Selling Land - Frequently Asked Questions

A frequently asked question I hear is "How much is my land worth?" or "How do I go about marketing my land for sale?"

Without doubt, selling land or property has often had a stigmatic impression of worry and stress, yet, it need not be a troublesome process if done correctly. Here are some helpful pointers to make selling land a smoother process for all parties involved.


How much is my land worth?

Q: How much is my land for sale worth?

A: The most important factor in deciding land value is whether the land has planning permission or not. As a rough guide, a plot of land for sale with planning permission, on average, would be worth around eight to ten times the value of land for sale without approved planning. If the land is residential - an approximate rule of thumb is that land is accountable for one third to one half of your property value.

Other factors that will determine the value of land are - location, size and future development potential.

Agricultural land of 10 acres and above

In theory it should be quite simple to answer this question for land that does not have planning permission as the Land Registry regularly produces figures showing the acreage value of "agricultural" land. However expertise is required when the land is close to existing development, is in an area targeted for future development, has good access to the road network etc.

When valuing land that stands a chance of gaining future planning permission because of its location we have to include "hope value". The "hope value" is what a purchaser is prepared to pay over and above the agricultural value because he or she believes that the land may have a chance of being developed at some time in the future.

Quantifying this "hope value" is an inexact science and is difficult to value even for people with many years of experience in the industry. The only true way if for sellers to advertise the land on the open market. However I appreciate that, for many reasons, sometimes people are unwilling to openly advertise their land for sale.

Pony Paddocks

The value of "Pony Paddocks" is mainly dependent on the location, the road access, the gradient of the land (level), running water and the shelter available.


The value of "Woodlands" is mainly dependent on the location and the road access.

Brownfield Land

Every piece of brownfield land is unique depending what development the land previously contained. The price of the land will need to take account of clearing and decontaminating the land. Decontamination charges vary widely but can easily escalate should substances such as diesel or asbestos be found on the land.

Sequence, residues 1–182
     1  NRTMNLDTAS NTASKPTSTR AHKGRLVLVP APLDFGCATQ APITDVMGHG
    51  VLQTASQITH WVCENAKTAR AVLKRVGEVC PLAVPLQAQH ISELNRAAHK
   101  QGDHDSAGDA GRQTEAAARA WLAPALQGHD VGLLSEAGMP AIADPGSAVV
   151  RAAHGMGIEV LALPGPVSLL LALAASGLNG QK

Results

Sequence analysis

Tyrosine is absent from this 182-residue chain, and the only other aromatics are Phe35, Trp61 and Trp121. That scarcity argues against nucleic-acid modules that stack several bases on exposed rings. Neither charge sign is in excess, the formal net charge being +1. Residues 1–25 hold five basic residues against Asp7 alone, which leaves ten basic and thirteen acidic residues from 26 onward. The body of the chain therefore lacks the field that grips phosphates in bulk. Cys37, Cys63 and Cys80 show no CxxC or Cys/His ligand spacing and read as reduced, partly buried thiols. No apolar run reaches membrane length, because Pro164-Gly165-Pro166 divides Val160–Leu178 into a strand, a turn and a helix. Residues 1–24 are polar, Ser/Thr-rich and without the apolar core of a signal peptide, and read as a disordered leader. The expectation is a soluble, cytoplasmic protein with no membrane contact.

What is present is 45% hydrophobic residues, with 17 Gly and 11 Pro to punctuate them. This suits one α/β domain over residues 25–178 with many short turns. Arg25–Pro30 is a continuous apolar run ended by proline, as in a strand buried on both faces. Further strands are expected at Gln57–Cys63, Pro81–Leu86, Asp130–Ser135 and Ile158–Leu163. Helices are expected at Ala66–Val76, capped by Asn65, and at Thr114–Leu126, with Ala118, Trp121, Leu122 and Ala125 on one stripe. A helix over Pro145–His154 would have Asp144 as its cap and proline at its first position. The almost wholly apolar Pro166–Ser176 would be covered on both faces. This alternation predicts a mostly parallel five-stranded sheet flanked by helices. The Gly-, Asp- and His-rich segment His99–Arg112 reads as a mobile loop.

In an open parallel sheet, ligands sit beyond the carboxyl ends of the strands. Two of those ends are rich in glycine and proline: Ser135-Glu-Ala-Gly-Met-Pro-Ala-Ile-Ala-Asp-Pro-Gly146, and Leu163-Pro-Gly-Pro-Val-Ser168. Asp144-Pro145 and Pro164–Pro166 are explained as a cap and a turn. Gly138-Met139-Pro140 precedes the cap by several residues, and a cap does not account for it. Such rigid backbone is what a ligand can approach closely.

As such a visit to the site is essential to value brownfield land.

Plots with planning permission

The value of plots of land with planning permission is highly dependent on the planning permission and so sight of the approved planning details are essential.

The only way to find out the true open market value of your land is to offer it for sale on the open market.

Q: Who would in be interested in purchasing my land for sale?

A: Parties interested in buying land would include land investors, property developers, horse and pony owners, farmers and self builders.

Q: Where should I sell my land?

A: There are many places where you can advertise your land for sale; we, of course, would recommend that you use UK Land Directory. We have tens of thousands of buyers who view the site each month and we allow you to advertise your land for sale at no cost. We can also forward your details to our panel of land buyers. The land buyers who have interest in your land will independently contact you to advise you of its value and of its salability.

Alternatively, you could visit your local estate agent or land agent. The UK Land Directory lists estate agents who regularly market land.

Q: What is involved in selling land?

A: Having found a buyer, you should use your own independent solicitor to act on your behalf. I make no exceptions to this advice. This will ensure that the sale is carried out with all legal documentation in place and that both vendor and purchaser fully understand the agreement and that all aspects of the agreement are transparent.

Your solicitor may draw up a contract of sale and forward it to the buyer or their solicitor. You may wish to ask for a deposit while the legal documents are processed. A full explanation on why to use a solicitor can be found here.

Further Reading:

Tips for Purchasing Land

Nov 2005

Further Land Articles »